Staff Writer

Driver-education classes will now cost Lincoln County students, or their parents, $50, following a vote Tuesday night by the Board of Education.

During a discussion on budget updates, the group made the move at the recommendation of school administrators.

Assistant Superintendent for Business Steve Zickefoose explained that the program was $9,800 over budget last year and, due to recent state funding cuts, is projected to have an overall shortage of more than $20,000 moving forward.

Roughly $210,000 is allotted for the program locally.

The state began allowing districts to charge for driver-education classes two years ago to make up for budget shortfalls, capping that amount at $55, he said.

Superintendent Sherry Hoyle noted that $28,000 of the total amount spent on the program by the system covers roughly 150 youth who aren’t actually enrolled in Lincoln County Schools, many of them home-schooled students.

While they’d been able to hold off the last few years, she said, a change was necessary.

Zickefoose suggested that the board members consider a rate of $35, to be “implemented as quickly as possible,” in order to break even.

Board member Bob Silver, who stressed that driver education was a “privilege, not a right,” said he thought $40 would be more appropriate in order to allow for wiggle room.

Vice Chairman Mark Mullen, however, made the motion to raise the fee to $50, saying the cost was comparable to filling up a car’s tank of gas.

Clayton Mullis was the lone School Board member to oppose the move.

Also during talks on the budget, the board voted unanimously to allocate $294,000 of available balance from the county to raise teacher supplements.

Silver, who made the motion, said it would send a message to educators that they are appreciated.

The overall reduction when comparing state funds to planning allotments is $3.8 million, which will result in the net loss of eight certified positions, including six teachers and two instructional-support staff members. These will now be paid for out of the fund balance.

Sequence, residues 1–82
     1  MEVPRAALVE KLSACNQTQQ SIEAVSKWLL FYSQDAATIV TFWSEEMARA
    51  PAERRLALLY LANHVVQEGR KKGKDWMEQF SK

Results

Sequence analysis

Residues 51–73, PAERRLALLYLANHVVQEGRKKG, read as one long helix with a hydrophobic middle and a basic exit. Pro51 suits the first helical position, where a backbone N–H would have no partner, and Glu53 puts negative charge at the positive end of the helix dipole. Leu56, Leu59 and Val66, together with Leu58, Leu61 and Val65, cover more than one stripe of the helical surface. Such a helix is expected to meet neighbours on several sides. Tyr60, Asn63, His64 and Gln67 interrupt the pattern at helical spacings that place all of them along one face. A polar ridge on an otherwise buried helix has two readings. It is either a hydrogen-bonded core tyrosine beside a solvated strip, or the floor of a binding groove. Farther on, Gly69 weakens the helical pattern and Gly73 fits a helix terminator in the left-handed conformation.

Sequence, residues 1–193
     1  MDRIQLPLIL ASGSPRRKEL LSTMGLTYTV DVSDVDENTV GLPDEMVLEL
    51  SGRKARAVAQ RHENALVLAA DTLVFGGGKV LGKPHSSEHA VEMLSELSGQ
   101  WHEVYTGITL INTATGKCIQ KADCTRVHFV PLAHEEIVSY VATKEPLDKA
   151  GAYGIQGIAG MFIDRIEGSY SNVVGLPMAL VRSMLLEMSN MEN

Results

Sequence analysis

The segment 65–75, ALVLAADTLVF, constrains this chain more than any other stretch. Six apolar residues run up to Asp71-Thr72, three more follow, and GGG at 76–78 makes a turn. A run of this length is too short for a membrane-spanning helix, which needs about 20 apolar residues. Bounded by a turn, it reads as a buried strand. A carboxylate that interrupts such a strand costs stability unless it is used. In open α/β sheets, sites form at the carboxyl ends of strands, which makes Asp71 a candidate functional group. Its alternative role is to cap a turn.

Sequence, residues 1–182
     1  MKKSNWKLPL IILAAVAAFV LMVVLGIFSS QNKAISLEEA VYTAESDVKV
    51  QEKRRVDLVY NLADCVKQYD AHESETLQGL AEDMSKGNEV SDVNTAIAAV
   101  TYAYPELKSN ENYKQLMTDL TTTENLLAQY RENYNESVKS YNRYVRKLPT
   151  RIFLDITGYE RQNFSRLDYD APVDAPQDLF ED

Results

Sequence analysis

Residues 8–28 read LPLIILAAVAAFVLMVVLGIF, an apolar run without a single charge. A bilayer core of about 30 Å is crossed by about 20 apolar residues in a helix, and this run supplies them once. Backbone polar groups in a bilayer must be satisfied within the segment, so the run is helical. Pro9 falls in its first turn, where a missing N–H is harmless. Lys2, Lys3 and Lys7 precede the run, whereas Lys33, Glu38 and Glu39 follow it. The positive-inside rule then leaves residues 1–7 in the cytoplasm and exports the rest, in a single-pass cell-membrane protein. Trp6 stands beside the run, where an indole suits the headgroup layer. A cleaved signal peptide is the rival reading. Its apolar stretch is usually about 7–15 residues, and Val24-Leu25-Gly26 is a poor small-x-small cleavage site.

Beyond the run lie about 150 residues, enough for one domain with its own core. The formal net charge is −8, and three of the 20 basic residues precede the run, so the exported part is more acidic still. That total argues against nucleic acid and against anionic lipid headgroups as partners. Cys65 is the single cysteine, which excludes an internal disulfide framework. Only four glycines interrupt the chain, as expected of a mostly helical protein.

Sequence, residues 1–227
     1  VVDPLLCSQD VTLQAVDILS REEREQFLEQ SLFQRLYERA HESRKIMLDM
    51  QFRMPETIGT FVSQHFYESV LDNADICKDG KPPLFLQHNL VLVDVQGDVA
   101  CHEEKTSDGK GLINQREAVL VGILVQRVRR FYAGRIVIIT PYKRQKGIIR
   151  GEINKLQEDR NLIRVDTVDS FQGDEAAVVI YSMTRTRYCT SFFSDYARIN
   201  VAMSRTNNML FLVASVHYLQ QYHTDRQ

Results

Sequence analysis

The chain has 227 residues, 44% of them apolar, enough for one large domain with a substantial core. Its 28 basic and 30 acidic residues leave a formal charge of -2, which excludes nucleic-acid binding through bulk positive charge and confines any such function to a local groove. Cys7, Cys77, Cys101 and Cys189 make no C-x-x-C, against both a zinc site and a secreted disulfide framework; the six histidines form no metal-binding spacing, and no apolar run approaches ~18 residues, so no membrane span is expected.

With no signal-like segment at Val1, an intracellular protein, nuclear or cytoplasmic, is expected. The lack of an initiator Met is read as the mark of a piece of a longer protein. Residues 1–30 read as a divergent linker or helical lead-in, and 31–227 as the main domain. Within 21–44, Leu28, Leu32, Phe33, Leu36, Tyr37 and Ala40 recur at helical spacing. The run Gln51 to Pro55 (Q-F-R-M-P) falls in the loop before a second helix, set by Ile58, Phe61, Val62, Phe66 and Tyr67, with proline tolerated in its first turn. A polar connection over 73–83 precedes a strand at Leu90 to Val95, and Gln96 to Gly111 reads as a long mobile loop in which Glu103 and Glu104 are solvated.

Class sizes will also have to be increased.

“Read to Achieve” program

The Board of Education was also updated Tuesday night on the North Carolina General Assembly’s “Read to Achieve” program, part of a state law passed in July of 2012 and taking effect this school year.

The initiative requires that all third-grade students have reading levels that are proficient, based on end-of-grade testing, or else be held back.

Various courses of action will follow should a student not pass the assessment, including retests, a six- to eight-week summer-reading camp — if parental permission is given to enroll the student — and transitional fourth-grade classrooms with intense reading instruction.

“Good cause” exemptions may also apply.

Over the next few weeks, various informational materials will be distributed to parents of local third-graders to make them aware of the changes.

Board members made clear their feelings on the program, with several asking questions that administrators pointed to as identified challenges associated with the initiative.

Inquiries ranged from how students being pulled out of their fourth-grade classes to receive reading instruction will make up for that lost classroom time and whether it wouldn’t be better to hold students back in earlier grades.

Frustration was also expressed over the additional responsibilities required of local school systems despite less state funding granted.

“Where they think they’re helping, they’re hurting,” Chair Candy Burgin said of state lawmakers.

In other School Board action at Tuesday’s meeting:

Board members approved an employee-benefit package that includes lower premiums and broader coverage.

Board members approved various policies, to stand open 25 days, regarding bidding for construction and purchasing requirements.

Board members approved the implementation of the swipe-key-pad systems and cameras for all middle and high schools. Already installed for local elementary schools, the security measures were part of the original bids from an RFP previously conducted. Funding had already been set aside for the initiative, which will result in teachers and staff having swipe cards that will be tagged to individuals with preset access hours to school sites.

Board members were updated on various ITS projects, one of which will allow for upgraded wireless coverage for schools. By doing the work in-house with IT staff over the summer, significant money was saved on the projects. “We are ahead of the curve and did it with a smaller staff,” board member Ed Hatley said.

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